Reactivity Breaks XML Message Barrier


Reactivity said it has created new software that improves the way large
chunks of XML-based messages are processed on computer networks.


Using a new technological conjuring it calls multi-mode message processing,
the software breaks a large XML message barrier, allowing
unlimited operations on XML messages of any size. The technology does not
impinge security or system efficiency.

The upgrade, which will come in the company’s XML firewall gateway
appliances going forward, is designed to drive XML-based Web services
throughout computer systems.


This is a key value proposition at a time when C-level executives are asking
their IT developers to craft service-oriented architectures (SOAs)
that improve computing efficiency. Optimizing hardware and
software for Web services delivery has been a challenge Reactivity and
rivals DataPower, Forum Systems and Layer 7 have been racing to tackle.


Reactivity Vice President Joelle Kaufman said the software draws on the
company’s architecture that combines memory, standard and custom ASICs
and RAID disk.


Multi-mode technology makes it possible for multiple processing mechanisms,
including those from disks, networks and in-memory message processing to
co-exist.


“The problem is, messages that get large or sent over different protocols
often can’t be streamed into memory, so you need another mechanism,” Kaufman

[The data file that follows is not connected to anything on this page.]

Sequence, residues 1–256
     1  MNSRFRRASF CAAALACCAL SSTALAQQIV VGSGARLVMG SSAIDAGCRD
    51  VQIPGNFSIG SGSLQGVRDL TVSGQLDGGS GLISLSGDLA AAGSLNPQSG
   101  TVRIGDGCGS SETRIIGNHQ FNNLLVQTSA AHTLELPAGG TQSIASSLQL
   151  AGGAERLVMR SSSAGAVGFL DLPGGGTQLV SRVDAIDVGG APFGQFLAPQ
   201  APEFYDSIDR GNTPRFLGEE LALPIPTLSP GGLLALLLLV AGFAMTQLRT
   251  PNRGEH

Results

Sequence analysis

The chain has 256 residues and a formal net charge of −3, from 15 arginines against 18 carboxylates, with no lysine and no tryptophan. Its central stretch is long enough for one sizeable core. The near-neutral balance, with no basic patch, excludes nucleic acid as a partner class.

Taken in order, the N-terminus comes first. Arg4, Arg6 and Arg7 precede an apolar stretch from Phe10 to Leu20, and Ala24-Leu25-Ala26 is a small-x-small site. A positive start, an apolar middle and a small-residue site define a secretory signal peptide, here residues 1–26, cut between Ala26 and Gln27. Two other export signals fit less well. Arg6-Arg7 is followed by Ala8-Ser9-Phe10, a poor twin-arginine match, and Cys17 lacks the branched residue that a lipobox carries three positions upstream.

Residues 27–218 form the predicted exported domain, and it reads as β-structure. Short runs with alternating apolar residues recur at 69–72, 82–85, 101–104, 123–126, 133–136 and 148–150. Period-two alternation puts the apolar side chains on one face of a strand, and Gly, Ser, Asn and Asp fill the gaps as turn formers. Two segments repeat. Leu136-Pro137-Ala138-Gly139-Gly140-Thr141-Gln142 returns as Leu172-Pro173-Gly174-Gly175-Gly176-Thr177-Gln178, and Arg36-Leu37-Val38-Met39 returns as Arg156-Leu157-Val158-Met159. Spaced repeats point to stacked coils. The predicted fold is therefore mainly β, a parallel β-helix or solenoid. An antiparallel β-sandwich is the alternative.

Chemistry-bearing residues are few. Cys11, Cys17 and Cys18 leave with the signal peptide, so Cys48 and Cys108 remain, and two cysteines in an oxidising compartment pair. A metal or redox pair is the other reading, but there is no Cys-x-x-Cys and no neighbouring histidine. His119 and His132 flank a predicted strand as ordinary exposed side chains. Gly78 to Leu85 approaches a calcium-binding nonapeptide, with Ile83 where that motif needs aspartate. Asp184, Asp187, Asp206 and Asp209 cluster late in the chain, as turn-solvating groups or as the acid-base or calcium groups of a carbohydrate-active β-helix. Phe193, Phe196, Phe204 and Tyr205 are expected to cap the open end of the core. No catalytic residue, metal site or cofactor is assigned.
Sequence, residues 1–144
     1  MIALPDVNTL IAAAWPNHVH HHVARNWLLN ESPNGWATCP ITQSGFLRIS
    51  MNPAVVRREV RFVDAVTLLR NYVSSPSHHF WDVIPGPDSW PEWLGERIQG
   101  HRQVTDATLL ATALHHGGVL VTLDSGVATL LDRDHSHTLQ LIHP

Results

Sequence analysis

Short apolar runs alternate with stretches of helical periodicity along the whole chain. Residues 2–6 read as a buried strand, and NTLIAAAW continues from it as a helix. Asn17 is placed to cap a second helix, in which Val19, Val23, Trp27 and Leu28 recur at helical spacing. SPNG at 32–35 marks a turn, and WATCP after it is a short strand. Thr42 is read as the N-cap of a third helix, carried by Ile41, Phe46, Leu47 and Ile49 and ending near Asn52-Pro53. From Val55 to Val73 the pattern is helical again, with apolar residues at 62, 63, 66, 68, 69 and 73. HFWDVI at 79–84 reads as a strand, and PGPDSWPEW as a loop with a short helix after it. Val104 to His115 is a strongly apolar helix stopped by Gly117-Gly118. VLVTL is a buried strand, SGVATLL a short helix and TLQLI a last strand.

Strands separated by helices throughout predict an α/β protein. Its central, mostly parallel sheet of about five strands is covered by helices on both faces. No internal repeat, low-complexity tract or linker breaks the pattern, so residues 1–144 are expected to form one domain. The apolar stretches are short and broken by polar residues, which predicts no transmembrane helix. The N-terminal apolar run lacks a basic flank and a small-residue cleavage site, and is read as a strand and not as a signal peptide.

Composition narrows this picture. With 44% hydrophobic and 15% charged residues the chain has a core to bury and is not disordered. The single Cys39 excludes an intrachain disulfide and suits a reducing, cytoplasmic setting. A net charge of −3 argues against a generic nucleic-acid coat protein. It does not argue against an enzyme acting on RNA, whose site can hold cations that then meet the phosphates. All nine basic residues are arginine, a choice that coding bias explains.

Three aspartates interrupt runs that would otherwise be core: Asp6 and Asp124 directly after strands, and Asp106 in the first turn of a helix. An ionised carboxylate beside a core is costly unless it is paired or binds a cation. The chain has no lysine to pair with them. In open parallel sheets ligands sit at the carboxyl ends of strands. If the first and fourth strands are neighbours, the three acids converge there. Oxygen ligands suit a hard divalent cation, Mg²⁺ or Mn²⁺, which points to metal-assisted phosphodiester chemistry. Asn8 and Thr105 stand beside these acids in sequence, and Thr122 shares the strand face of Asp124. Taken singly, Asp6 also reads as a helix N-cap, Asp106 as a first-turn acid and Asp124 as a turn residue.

said.


Accordingly, the new multi-mode software has such perks as store-and-forward
processing of XML messages, creating more possibilities for SOAP
messages with large attachments and batch XML. Users can spool
the entire message from the disk and process it according to policies that
need to be enforce.


When it is enforced, it can be sent on to its next point, providing security
and interoperability of a message of any size. Store and forward is suited
for XML messages as large as two to four gigabits, and messages with large
attachments such as maps, images and reports.


Reactivity rivals are also trying to optimize XML message transfer across
networks. In March, DataPower announced full streaming XML processing in its
DataPower XA35 XML Accelerator.


Streaming processing allows an XML engine to begin producing output before
the entire input has been parsed and requires only a constant amount of
memory, regardless of XML document size. Previously, streaming processing
was only possible using custom programming or special languages.


ZapThink analyst Ronald Schmelzer said it is good to see performance
challenges around the use of XML-based Web Services getting addressed, with
companies like Reactivity realizing that XML is just one piece of the
overall content and application-oriented networking problem.


“What makes Reactivity’s solution remarkable is that they realize that
companies need the flexibility to deal with (highly
inefficient) XML traffic in a number of different ways and with different
optimization, down to the individual message level,” Schmelzer said.


“This is an area that (so far) companies like Cisco have yet to even offer
product. As such, Reactivity is really filling a needed market need.”

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